Yes, there is an acknowledgement that revealing the identities of perpetrators of such violence on black children may result in violent reprisals against would-be responsible individuals, the “don’t snitch” mentality which feeds this insanity needs to be eradicated See: "Stop (Not) Snitching! Part 1" and "Stop (Not) Snitching! Part 2").
Black parents need to be more responsible and not validate such counter-productive thinking. They need to be even more of an influence in the lives of their children than their children’ friends.
Black mothers and relatives need to treat their hearts like the enemy. If black-on-black murder is to stop, blood relationships can no longer be allowed to influence blood allegiances. If these individuals know that their relatives are responsible for the murders of young black children, they should be not only obligated but pressured to turn them into the authorities. Such behavior needs to be shamed like the community offense and threat that it is.
Black churches, and in particular black clergy need to do more than, in the words of the late great James Brown, “talking loud and saying nothing.”
More professional police officers are needed in communities where getting to know the people who reside there is more of a tactic than profiling those who live there. Working relationships with organized groups are needed.
If you want a more radical solution, I would propose that responsible black people arm themselves and start patrolling the streets in groups, and enforcing order. The Black Panthers did it in the 1960s and early 70s. Perhaps the “New Black Panthers” would be more constructive in redirecting their anger into the black community and threaten those who would disrupt the lives of law-abiding black citizens instead of putting a monetary bounty on the head of Trayvon Martin’s killer, or shouting to the rooftops how they “hate Whitey!” (See: "New Black Panther Leader Arrested as Group Sets Bounty in Florida Shooting"). Maybe if African-Americans were just as willing to patrol their communities with the same fervor of George Zimmerman, then maybe Trayvon Martin’s murder could be placed within the context of an abhorrent single instance instead of another senseless taking of a young black life. Maybe black child murders need to be the ones living in fear for a change...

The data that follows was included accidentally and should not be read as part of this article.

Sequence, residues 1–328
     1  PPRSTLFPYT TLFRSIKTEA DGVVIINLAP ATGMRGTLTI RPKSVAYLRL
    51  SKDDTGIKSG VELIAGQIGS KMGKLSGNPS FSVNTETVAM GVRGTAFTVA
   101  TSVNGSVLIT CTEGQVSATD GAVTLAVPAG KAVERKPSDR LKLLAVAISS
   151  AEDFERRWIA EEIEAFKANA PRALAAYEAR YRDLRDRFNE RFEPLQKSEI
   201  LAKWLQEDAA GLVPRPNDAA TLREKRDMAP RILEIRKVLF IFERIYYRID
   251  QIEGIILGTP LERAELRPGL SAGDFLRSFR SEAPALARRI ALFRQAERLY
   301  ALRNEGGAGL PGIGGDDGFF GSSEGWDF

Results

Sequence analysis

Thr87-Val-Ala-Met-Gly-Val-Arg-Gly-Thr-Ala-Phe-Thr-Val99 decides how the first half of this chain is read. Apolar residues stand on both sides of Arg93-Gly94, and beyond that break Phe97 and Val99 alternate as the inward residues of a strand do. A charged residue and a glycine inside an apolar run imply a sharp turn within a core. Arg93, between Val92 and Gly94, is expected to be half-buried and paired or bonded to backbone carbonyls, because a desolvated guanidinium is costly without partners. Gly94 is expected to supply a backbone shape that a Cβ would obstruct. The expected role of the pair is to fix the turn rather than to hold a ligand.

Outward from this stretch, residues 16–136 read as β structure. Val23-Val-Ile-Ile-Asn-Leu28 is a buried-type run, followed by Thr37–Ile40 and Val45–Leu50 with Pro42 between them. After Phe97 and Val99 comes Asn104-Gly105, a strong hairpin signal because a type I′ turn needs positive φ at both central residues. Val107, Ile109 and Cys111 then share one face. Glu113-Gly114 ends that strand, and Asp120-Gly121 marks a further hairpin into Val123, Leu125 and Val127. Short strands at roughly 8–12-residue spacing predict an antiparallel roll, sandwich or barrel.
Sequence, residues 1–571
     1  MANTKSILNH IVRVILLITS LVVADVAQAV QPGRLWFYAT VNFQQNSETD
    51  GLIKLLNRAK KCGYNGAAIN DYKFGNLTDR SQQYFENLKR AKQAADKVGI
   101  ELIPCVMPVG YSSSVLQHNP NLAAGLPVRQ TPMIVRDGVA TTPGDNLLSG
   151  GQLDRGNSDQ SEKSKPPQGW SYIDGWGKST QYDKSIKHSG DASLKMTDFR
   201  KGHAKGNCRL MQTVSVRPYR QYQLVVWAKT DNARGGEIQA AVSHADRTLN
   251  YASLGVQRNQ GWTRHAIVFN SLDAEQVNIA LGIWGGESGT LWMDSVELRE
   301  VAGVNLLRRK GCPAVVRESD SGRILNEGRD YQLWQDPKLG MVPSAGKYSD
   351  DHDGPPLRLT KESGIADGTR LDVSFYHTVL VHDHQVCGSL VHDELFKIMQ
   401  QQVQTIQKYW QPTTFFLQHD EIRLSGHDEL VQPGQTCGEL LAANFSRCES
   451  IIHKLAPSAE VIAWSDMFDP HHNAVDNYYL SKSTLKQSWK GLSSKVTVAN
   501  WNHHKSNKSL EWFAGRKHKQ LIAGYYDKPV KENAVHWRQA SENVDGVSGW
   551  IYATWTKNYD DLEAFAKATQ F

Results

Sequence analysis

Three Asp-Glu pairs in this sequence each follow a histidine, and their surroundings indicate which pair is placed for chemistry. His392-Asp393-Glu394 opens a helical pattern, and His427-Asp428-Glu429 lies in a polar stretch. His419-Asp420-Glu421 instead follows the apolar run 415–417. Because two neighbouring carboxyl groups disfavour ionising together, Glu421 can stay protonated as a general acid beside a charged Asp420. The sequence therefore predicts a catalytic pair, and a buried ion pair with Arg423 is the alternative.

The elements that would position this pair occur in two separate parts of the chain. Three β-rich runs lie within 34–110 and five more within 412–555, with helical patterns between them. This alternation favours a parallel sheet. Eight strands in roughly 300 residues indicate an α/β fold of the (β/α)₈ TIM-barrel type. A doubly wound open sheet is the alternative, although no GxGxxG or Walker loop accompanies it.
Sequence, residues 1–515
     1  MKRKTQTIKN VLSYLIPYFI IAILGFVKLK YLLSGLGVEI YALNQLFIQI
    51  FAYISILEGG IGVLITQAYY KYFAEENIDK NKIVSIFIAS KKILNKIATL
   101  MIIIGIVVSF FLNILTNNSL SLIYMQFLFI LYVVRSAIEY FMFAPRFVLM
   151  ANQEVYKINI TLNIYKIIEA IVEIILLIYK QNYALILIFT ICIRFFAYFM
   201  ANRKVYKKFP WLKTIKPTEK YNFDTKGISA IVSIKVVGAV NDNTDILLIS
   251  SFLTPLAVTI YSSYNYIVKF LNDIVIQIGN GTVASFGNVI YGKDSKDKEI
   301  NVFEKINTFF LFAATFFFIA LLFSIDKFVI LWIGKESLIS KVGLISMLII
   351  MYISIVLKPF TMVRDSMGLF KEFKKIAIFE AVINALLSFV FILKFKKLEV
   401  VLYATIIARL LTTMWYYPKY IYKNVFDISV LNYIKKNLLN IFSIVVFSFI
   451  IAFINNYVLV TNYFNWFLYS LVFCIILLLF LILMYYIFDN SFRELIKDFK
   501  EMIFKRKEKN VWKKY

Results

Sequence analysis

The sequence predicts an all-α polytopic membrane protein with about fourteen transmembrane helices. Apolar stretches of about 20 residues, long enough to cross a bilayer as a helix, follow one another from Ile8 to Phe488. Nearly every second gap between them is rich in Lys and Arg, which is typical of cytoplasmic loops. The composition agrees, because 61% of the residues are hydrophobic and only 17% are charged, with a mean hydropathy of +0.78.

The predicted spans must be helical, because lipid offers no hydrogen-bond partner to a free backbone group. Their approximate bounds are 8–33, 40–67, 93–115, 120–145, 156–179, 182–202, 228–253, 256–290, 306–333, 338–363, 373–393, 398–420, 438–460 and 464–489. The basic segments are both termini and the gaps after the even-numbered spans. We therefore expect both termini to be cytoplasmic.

No, soul-searching is not just for blacks. White American thinking with regard to race is something of mystery, not just for myself, but for most blacks.
But before I make my points, allow me to say that I like President Obama. I admire his intelligence, his cool-under-pressure-demeanor, and his desire to want the best for all Americans. Is he perfect? Of course not…and no, I don’t agree with every policy he proposes or enacts. Among the policies I have issues with was his decision to involve America militarily in what was essentially an internal matter of Libya. I don’t agree that enhanced interrogation techniques employed against suspected and confirmed terrorists should be banned or discouraged (when at war, fear is every bit an option as any other when it comes to matters of security…especially against foes who are willing to die for their cause anyway). And I don’t agree that America should have closed down prison facilities at Guantanamo Bay (enemies willing to die to inflict harm on Americans need something to fear). But I still like him. He means well.
However, a great many whites do not—or are not able to—view their opposition to (seemingly) every policy proposed or enacted by Obama, our nation’s first African-American president as being problematic, especially in regards to race relations. Indeed, some of these individuals have successfully managed to convince themselves that their opposition to policies such as health care reform is nothing more than ideological differences. And while any difference of agreement is not meant to imply that the President should be given a “pass” with regard to his policies being scrutinized, make no mistake about it; much of this opposition is just a proxy for racial-based animosity.
Without question, President Obama is the most disrespected American president since Abraham Lincoln…an ironic observation considering that many of those who opposed Lincoln’s policies did so based on their racial animus also. One would be hard-pressed to find a president in recent memory that has had his credibility assailed in the most non-traditionally disrespectful of manners—remember South Carolina’s conservative Republican Congressman Joe Wilson’s outburst, “You Lie!” from the president’s 2009 address in front of Congress (yes, there have been occasional “boos” or jeers from other Congressmen toward other presidential addresses, but nothing in the records like Wilson’s)? Then there was that famous picture of Republican Arizona’s Governor Jan Brewer pointing her finger in the face of the president of the United States. Simply put, if these individuals had tried that with most other African-Americans of lesser stations, their actions would have rated an immediate (and probably illegal) response. And then there are the thousands of unflattering caricatures of the president meant to (ostensibly) mock his policies, but in many cases, amount to attacks on Obama’s ethnic heritage, without appearing as such.